Community spread increasing
As university coronavirus cases appear to be declining, community spread is on the rise, tightening visitation policies at hospitals and leading to concern from health officials that the population is becoming more relaxed in its mitigation efforts.
According to Longwood Assistant Vice President of Communications Matthew McWilliams, Longwood University in Farmville was reporting 13 active cases of the coronavirus and 101 cumulative cases the morning of Monday, Oct. 19.
A week later, Monday, Oct. 26, that number sat at just two active cases, with 105 cumulative cases. The university saw only four new cases of the novel coronavirus in its student/staff population in seven days.
“We have seen a decrease in the number of active cases over the last two weeks, which is a testament to the vigilance of the student body and broader campus community to following the health guidelines, and to our contact tracing and quarantine efforts,” McWilliams said Monday. “Our quarantine and isolation numbers have also declined and remain manageable, within our typical range that we’ve seen all semester. We know all of these numbers may continue to fluctuate, and remain vigilant as we approach the final weeks of the fall semester.”
Hampden-Sydney College (H-SC) has also seen a decrease in its case numbers, with just six new cases in the last week.
According to H-SC Director of Communications and Marketing Gordon Neal, the college had 15 active COVID-19 cases Monday, Oct. 19, with 87 cumulative student cases, four cumulative employee cases and 42 individuals in quarantine.
Monday morning, Oct. 26, the college was reporting 12 active cases with 93 cumulative student cases, four cumulative employee cases and 29 individuals quarantining.
“As these figures indicate, we’ve seen a slight decrease in the number of active positive cases over the past week, as well as a decrease in the number of individuals in quarantine,” Neal stated.
Piedmont Health District Director Dr. H. Robert Nash said Monday morning, Oct. 26, the college’s 10 new cases in the last week accounted for just 9% of cases in the health district.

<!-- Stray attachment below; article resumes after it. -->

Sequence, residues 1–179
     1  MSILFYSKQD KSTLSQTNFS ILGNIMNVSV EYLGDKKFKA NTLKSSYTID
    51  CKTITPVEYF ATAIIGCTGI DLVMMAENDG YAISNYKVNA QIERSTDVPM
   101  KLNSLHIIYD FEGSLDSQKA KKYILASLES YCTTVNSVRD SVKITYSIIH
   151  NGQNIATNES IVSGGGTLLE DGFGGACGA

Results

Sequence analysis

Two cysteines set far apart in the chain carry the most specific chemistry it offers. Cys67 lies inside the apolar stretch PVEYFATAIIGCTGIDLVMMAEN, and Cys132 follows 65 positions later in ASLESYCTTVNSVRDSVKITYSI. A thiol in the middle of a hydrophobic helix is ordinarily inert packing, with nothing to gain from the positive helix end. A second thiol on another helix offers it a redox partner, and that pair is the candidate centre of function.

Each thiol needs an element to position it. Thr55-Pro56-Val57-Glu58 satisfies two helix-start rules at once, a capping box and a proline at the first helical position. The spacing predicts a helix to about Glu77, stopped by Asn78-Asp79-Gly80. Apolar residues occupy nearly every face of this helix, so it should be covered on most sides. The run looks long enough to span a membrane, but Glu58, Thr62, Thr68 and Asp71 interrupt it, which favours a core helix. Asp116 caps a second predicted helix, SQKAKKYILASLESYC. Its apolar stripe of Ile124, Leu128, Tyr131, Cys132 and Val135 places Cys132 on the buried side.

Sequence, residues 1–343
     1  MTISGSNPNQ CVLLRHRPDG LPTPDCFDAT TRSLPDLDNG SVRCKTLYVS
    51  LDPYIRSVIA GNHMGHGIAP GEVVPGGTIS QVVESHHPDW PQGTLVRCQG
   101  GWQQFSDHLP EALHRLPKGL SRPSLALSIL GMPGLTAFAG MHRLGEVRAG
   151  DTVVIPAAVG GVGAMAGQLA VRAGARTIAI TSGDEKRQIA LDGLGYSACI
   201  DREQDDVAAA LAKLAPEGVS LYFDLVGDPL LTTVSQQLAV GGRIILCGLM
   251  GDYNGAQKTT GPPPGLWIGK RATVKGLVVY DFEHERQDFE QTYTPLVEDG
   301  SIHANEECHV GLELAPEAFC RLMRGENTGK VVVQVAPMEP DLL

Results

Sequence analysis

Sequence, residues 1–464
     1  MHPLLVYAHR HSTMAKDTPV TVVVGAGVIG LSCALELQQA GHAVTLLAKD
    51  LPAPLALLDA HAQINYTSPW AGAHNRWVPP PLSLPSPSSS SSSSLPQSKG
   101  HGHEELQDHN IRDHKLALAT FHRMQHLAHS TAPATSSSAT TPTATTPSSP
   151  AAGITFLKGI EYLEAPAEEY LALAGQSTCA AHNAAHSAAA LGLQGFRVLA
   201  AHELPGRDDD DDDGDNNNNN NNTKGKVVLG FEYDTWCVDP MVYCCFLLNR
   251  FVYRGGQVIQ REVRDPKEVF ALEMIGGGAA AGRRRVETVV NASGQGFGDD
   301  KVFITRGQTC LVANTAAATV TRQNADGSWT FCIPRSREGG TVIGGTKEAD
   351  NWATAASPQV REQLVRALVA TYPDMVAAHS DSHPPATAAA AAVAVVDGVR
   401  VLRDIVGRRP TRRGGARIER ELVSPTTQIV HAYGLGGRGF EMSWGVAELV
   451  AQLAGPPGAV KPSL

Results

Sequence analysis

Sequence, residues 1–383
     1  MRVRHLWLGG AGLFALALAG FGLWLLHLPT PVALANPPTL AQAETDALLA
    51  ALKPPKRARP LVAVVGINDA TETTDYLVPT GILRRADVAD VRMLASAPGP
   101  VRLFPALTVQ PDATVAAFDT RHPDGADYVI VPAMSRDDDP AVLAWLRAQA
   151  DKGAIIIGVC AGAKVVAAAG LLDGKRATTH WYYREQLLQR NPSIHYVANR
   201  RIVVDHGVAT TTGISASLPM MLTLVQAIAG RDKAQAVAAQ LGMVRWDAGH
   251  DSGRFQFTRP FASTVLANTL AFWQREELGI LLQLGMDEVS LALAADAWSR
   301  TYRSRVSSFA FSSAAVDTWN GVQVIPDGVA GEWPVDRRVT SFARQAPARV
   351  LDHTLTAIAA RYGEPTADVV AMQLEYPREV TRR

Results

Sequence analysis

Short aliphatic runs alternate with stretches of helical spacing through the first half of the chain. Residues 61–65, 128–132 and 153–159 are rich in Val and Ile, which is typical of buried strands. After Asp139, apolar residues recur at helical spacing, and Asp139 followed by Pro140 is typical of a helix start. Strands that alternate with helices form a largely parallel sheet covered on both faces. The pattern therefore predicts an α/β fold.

“This is all community,” Nash said Monday.
Nash said the other 91% of cases seen in the health district are left over from “event outbreaks” seen recently. That community spread is a trend seen across much of the commonwealth.
“Pretty much if you draw a line across the map from Charlottesville to Richmond and then just outside of Suffolk County, from that region all the way over to West Virginia and Kentucky, it looks as though the case burden is increasing, and there’s more substantial community transmission in that whole half of the state. Actually, in the Central Region, we’ve been there significantly for probably the last four weeks.”
Despite increased community transmission, Nash said many of the district’s counties are decreasing in numbers or “holding their own”/remaining static in coronavirus figures. The Piedmont Health District is currently seeing a 15-16 case-per-day average. In Prince Edward County, cases are averaging 16 per week.
When asked about the “dark winter” some national health officials have referenced with regard to the shape the pandemic may take as the colder months approach, Nash mentioned the potential for increased spread should the population let its guard down.
“I agree with Dr. (Anthony) Fauci. I think we’re going to see a modest to an impressive increase in the number of cases, because people are going to tend to huddle together indoors,” he said. “I think as a population we seem to be dismissing some of the recommendations to maintain our social distancing in our social circles. People are just wanting to aggregate more. They’re really burned out on being isolated. That’s a real problem and it’s going to be a problem as our social activities are moving indoors more and more.”
“It’s holding its own,” Nash said of the district’s COVID statistics. “It’s not as good as we would like it to be, but it’s not as horrible as it could be. If we maintain our distance and wear our masks and everybody gets a flu shot, that will help.”
Centra has modified visitation guidelines for its facilities in the wake of an uptick in COVID-19 cases. The company issued a news release Monday that it would be modifying visitation protocol effective Oct. 28 to allow only one visitor to accompany a patient at a time, with patients unable to have more than two specific visitors for the duration of their hospitalization. Centra will allow two visitors in circumstances where one of those visitors has special needs or mobility issues and requires a support person.
According to the Virginia Department of Health, Prince Edward County has increased by 26 cases from Monday, Oct. 19 to Monday, Oct. 26, for a cumulative total of 746 coronavirus cases. Buckingham County is up 10 cases to 733.
Cumberland County rose six cases in the last week to 117. Charlotte rose 14 cases to 212. Lunenburg County saw a nine-case increase, bringing its cumulative total to 151.
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